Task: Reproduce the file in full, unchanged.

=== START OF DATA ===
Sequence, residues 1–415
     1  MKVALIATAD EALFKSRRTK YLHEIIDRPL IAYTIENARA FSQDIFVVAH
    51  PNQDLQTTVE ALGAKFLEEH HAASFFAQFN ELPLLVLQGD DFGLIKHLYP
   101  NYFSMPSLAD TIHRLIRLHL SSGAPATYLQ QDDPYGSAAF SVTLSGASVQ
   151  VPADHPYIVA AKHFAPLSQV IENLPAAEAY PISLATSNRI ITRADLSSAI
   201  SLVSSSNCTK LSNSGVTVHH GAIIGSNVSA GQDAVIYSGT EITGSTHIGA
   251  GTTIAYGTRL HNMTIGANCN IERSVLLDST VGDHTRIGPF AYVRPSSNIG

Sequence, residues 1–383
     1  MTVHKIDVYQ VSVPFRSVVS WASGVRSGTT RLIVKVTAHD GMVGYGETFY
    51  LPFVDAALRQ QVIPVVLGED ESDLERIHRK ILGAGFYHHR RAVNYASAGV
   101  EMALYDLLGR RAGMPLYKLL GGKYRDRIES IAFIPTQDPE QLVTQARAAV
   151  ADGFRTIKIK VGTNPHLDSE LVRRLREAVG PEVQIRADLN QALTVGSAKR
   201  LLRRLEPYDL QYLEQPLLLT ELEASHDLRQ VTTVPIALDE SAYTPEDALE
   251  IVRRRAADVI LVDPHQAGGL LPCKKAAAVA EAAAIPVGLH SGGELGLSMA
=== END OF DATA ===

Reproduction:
Sequence, residues 1–415
     1  MKVALIATAD EALFKSRRTK YLHEIIDRPL IAYTIENARA FSQDIFVVAH
    51  PNQDLQTTVE ALGAKFLEEH HAASFFAQFN ELPLLVLQGD DFGLIKHLYP
   101  NYFSMPSLAD TIHRLIRLHL SSGAPATYLQ QDDPYGSAAF SVTLSGASVQ
   151  VPADHPYIVA AKHFAPLSQV IENLPAAEAY PISLATSNRI ITRADLSSAI
   201  SLVSSSNCTK LSNSGVTVHH GAIIGSNVSA GQDAVIYSGT EITGSTHIGA
   251  GTTIAYGTRL HNMTIGANCN IERSVLLDST VGDHTRIGPF AYVRPSSNIG

Sequence, residues 1–383
     1  MTVHKIDVYQ VSVPFRSVVS WASGVRSGTT RLIVKVTAHD GMVGYGETFY
    51  LPFVDAALRQ QVIPVVLGED ESDLERIHRK ILGAGFYHHR RAVNYASAGV
   101  EMALYDLLGR RAGMPLYKLL GGKYRDRIES IAFIPTQDPE QLVTQARAAV
   151  ADGFRTIKIK VGTNPHLDSE LVRRLREAVG PEVQIRADLN QALTVGSAKR
   201  LLRRLEPYDL QYLEQPLLLT ELEASHDLRQ VTTVPIALDE SAYTPEDALE
   251  IVRRRAADVI LVDPHQAGGL LPCKKAAAVA EAAAIPVGLH SGGELGLSMA